Iannuzzi also announced a commitment of $1 million by Flora and Stuart Mason to endow the University Libraries' peer research coaches program. The program addresses retention of undergraduate students both by improving their research and communication skills, and by providing role models to other students. At-risk, but motivated students are mentored and trained to serve as front-line research coaches to their peers. In 2005, the Masons provided the funds to pilot the program. This gift will create an endowment to fund the program for generations to come. Lance and Elena Calvert, who endowed The Libraries' Calvert Award for Undergraduate Research in spring 2008, also were recognized by Iannuzzi.
Although research awards exist at other colleges, the Calvert Award is the first in the nation tobe endowed so that it will be presented in perpetuity.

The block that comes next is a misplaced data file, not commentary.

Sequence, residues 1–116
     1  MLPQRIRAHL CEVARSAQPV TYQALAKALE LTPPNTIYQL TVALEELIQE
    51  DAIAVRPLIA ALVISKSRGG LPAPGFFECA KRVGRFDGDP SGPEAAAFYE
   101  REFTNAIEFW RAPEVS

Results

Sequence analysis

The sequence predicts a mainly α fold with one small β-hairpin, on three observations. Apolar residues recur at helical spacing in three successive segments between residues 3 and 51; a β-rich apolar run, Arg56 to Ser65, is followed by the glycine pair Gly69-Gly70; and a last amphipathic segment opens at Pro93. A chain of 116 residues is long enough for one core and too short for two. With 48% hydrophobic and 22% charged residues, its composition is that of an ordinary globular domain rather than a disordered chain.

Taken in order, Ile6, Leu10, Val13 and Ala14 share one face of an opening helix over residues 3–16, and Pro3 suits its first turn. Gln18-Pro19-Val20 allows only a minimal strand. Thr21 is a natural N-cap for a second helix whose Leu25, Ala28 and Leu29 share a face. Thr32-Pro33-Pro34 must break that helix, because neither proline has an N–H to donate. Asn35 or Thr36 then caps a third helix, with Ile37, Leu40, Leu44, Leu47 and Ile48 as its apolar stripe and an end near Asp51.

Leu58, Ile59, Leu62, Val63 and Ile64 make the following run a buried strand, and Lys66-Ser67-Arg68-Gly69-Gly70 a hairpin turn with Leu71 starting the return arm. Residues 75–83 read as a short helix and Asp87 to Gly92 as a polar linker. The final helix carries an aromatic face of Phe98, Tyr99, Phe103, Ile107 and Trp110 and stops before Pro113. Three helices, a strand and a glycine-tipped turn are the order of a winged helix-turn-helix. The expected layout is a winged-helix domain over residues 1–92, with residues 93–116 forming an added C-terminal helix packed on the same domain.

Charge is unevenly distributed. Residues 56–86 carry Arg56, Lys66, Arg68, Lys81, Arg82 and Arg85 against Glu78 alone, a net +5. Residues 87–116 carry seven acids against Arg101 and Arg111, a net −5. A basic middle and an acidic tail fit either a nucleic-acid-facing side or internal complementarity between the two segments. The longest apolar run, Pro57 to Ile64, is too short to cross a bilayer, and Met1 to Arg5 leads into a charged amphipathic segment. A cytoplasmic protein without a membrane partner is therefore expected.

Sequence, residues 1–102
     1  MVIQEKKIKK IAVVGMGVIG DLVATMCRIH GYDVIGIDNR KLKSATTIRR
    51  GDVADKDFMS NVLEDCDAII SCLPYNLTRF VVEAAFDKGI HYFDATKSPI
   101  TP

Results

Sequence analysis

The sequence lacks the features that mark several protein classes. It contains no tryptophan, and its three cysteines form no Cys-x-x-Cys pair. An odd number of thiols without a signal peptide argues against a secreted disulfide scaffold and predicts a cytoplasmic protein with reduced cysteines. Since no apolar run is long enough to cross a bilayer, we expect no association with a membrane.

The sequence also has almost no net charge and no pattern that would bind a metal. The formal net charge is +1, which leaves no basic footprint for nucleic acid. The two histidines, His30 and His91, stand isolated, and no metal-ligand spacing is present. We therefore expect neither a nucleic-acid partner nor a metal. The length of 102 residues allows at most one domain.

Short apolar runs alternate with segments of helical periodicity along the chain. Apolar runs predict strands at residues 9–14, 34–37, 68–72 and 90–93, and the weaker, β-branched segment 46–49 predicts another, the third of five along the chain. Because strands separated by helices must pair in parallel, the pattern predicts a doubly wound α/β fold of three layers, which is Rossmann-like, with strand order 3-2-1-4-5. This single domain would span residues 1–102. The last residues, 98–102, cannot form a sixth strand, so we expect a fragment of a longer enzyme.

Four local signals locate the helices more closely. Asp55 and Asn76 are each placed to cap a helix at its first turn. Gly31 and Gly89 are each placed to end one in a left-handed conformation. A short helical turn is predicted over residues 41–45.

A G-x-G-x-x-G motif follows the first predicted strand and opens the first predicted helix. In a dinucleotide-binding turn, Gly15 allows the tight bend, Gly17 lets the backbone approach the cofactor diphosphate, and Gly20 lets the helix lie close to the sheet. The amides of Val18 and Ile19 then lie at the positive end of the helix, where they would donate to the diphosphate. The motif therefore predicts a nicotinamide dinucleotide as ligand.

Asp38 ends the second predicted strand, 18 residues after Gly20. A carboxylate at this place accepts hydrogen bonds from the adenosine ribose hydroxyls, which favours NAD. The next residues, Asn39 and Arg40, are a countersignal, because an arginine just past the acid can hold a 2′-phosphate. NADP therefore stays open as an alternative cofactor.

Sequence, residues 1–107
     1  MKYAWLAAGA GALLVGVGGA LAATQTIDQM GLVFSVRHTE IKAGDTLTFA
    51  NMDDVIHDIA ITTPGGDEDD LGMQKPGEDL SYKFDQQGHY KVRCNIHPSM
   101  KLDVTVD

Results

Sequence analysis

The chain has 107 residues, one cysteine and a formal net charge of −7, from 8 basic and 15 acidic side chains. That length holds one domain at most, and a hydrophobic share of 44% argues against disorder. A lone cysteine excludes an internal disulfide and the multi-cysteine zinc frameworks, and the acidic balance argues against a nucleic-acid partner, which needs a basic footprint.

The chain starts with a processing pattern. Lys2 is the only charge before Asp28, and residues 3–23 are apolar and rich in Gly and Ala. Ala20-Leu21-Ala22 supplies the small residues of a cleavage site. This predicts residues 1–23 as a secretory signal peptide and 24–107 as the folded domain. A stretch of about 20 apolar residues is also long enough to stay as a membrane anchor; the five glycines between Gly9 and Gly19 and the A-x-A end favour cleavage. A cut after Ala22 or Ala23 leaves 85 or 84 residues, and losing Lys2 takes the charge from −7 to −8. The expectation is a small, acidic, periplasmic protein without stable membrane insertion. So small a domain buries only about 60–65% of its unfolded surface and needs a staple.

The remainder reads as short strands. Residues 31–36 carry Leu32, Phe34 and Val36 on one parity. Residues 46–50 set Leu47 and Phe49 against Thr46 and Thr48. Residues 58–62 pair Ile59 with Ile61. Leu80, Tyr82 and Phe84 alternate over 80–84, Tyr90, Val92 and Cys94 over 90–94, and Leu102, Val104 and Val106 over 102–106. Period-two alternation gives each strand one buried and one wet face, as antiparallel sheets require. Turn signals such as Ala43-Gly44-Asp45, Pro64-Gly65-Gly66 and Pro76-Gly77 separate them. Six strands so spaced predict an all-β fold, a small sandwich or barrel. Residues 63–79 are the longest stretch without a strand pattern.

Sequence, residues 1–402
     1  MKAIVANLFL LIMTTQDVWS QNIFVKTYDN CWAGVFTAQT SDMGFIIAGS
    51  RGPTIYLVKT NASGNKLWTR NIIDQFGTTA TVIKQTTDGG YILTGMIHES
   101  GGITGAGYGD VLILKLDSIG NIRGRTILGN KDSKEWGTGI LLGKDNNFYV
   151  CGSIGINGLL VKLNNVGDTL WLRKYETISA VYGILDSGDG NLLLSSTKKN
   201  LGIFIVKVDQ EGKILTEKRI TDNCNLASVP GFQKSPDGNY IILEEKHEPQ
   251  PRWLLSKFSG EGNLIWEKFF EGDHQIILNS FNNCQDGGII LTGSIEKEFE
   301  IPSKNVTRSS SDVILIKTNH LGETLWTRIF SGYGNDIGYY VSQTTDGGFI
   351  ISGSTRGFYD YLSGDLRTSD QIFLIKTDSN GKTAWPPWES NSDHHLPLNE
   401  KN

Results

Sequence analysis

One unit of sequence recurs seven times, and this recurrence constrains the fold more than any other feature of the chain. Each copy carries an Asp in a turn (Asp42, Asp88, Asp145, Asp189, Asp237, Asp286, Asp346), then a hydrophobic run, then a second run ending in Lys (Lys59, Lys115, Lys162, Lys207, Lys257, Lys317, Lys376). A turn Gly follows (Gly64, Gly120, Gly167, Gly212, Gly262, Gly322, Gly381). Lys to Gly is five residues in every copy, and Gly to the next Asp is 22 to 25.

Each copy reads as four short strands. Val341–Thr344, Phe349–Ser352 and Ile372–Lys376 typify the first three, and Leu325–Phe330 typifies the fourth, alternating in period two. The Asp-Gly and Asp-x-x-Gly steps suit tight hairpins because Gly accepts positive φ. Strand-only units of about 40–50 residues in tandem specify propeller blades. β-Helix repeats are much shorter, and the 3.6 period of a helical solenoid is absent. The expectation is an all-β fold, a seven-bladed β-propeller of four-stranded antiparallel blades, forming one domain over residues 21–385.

UNLV Author Celebration Set for April 14
Faculty members will be honored at the seventh annual Celebration of UNLV Authors at 2 p.m. April 14 in the extended study area of the Lied Library. Hosted by University Libraries, this event celebrates the scholarly accomplishments of faculty members whose books were published in 2008.
President David B. Ashley will be the special guest speaker. All faculty, staff, and students are encouraged to attend. "This event provides important recognition for our campus colleagues and their works," said Patricia Iannuzzi, dean of University Libraries. "In many cases, the research for these books is done in the University Libraries, using our resources and materials. We are proud of the Libraries' contribution to the research mission of our university and its role as intellectual commons for the campus."